The tweets re-sparked rage, hurt and allegations of transphobia, including from a range of LGBTQ activists, and from organizations including the Trevor Project and GLAAD.
Ms Rowling, I’m a physician who grew up reading your books and loves them still. I care for children and young adults, some of whom menstruate but are not female. They are not girls or women. And words like yours hurt them, erode their sense of safety and well-being.
— Liz Lemon, MD (@babbymd) June 7, 2020
The vast consensus of medical and other scientific experts validate trans people and urge affirmation of us. Your own country’s medical organizations have said as much.
You don’t love trans people, and certainly don’t care about us.
— Charlotte Clymer 🏳️🌈 (@cmclymer) June 6, 2020
It is... something that J.K. Rowling made this spectacle of transphobic bigotry under the guise of feminism, when we're fighting for black lives to matter. She isn't reachable, which is what it is, but the way she keeps repeating herself without reading the room....my goodness.
— roxane gay (@rgay) June 11, 2020
“This isn’t an easy piece to write, for reasons that will shortly become clear, but I know it’s time to explain myself on an issue surrounded by toxicity. I write this without any desire to add to that toxicity,” she wrote, and then outlined “five reasons for being worried about the new trans activism.” Then came more tweets, in July, calling out the long-term health risks of hormone therapy used to facilitate gender transition. Yet another backlash followed.
Now, with this latest bit of news about Rowling’s new book, the hurt has been stoked, say her detractors.
Still, some have come out in her defense — most notably actor Robbie Coltrane, who played Hagrid in the Harry Potter films and told Radio Times of the outcry, “I don’t think what she said was offensive really. I don’t know why but there’s a whole Twitter generation of people who hang around waiting to be offended.” Other defenders include journalist Kim Willsher, Atlantic staff writer Helen Lewis and writers Helen Dale and Andrew Doyle, as well as the U.K. group (which, too, has been called transphobic) LGB Alliance.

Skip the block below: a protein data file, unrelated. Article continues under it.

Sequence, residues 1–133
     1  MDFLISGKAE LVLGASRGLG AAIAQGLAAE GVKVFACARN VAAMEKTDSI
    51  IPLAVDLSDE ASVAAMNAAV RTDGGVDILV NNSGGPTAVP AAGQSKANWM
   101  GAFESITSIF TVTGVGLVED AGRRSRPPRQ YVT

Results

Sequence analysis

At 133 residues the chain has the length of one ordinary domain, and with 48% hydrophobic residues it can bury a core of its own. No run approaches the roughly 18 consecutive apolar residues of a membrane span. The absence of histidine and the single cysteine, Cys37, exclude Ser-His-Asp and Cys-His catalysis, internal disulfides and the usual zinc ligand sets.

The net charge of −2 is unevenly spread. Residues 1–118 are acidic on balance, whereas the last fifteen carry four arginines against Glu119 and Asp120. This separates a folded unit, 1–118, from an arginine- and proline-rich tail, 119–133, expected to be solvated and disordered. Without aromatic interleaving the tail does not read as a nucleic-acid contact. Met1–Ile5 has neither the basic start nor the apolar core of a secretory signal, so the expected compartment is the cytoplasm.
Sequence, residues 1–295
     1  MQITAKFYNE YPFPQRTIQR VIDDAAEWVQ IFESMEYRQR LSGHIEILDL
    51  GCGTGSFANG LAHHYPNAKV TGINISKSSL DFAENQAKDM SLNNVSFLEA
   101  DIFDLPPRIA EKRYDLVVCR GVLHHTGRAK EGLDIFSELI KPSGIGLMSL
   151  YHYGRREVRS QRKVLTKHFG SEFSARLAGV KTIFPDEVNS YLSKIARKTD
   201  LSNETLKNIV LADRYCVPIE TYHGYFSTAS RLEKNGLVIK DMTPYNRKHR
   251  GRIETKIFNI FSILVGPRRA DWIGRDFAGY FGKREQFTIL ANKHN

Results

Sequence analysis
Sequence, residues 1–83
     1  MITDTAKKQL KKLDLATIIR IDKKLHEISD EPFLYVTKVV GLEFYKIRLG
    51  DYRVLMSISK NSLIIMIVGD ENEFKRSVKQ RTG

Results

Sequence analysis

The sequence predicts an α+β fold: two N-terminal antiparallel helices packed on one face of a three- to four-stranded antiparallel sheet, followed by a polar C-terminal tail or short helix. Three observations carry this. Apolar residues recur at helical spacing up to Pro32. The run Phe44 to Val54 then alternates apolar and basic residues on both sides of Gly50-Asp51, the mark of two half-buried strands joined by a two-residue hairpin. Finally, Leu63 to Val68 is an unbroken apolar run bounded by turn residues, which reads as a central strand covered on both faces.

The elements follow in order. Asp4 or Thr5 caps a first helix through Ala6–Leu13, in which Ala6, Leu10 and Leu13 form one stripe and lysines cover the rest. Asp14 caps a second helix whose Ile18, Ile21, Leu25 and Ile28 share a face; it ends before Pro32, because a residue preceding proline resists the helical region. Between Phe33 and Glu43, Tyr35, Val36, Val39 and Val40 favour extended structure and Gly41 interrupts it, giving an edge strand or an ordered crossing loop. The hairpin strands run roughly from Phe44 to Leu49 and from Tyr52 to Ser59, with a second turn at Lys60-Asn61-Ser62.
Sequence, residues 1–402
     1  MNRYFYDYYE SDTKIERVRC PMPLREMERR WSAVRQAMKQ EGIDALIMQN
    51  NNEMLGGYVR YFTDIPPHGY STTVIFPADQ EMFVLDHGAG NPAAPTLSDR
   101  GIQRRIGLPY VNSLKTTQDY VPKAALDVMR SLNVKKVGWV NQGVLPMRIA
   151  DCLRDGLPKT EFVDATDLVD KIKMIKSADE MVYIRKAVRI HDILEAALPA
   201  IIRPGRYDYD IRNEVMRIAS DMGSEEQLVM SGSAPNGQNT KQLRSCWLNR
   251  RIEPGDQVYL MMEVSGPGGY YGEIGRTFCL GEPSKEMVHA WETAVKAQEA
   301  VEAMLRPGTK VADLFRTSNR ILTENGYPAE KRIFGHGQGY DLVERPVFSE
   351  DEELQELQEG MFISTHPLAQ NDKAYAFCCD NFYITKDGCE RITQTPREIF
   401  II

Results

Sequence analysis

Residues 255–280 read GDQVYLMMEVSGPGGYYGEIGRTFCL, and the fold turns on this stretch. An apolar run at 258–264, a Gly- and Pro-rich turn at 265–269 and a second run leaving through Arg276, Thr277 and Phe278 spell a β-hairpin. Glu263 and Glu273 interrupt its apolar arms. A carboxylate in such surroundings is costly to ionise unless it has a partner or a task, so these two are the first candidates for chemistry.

Has the world gone mad?
1. JK Rowling's new book isn't out yet so all these people calling for her to die haven't read it.
2. The villain is reportedly (I haven't read it either) a MAN who dresses as a woman to kill not a transwoman so how is this transphobic? https://t.co/OWDgztfmB8
— Kim Willsher (@kimwillsher1) September 15, 2020
I'm really troubled by the JK Rowling news cycle. It looks like the Telegraph published a review with a clickbait headline. That got followed up by Pink News, who presented it in the most culture war terms possible. Two publications monetising outrage.
— Helen Lewis (@helenlewis) September 15, 2020
Periodic reminder that authors can write about whatever they like. You don't own JK Rowling's pen.
I had this go-round with my first novel 25 years ago. My view now is the same as my view then.
If you don't like what we write, don't buy our books. 
— Helen Dale (@_HelenDale) September 15, 2020
Good to see Robbie Coltrane defending JK Rowling.
All sensible adults understand the extent to which she has been misrepresented.
If everyone simply had the courage to say what they know to be true, this anti-JK mania might actually come to an end.https://t.co/9efXhh46yv
— Andrew Doyle (@andrewdoyle_com) September 15, 2020
We are horrified by the deafening silence from our elected representatives, our institutions, the media, and the vast majority of celebrities in the face of the death threats and abuse directed at @jk_rowling. Silence is complicity. Prove us wrong. Speak up now.
— LGB Alliance (@ALLIANCELGB) September 15, 2020
Still, many say their view of Rowling has been forever tainted, especially in light of the latest book. That includes USA Today culture critic Kelly Lawler, who wrote on Tuesday that, while she’s been a longtime fan of all her fiction, “ever since Rowling made headlines this summer for her comments on transgender rights that have been widely condemned as transphobic, I can’t see any story she's written in the same light … You can't separate the art from the artist. Not anymore, not when the tone of both author and novel is the same. Rowling maintains she supports trans people, but we can only judge her by her actions and words. After reading 927 pages of them, I'm not inclined to change my judgment.”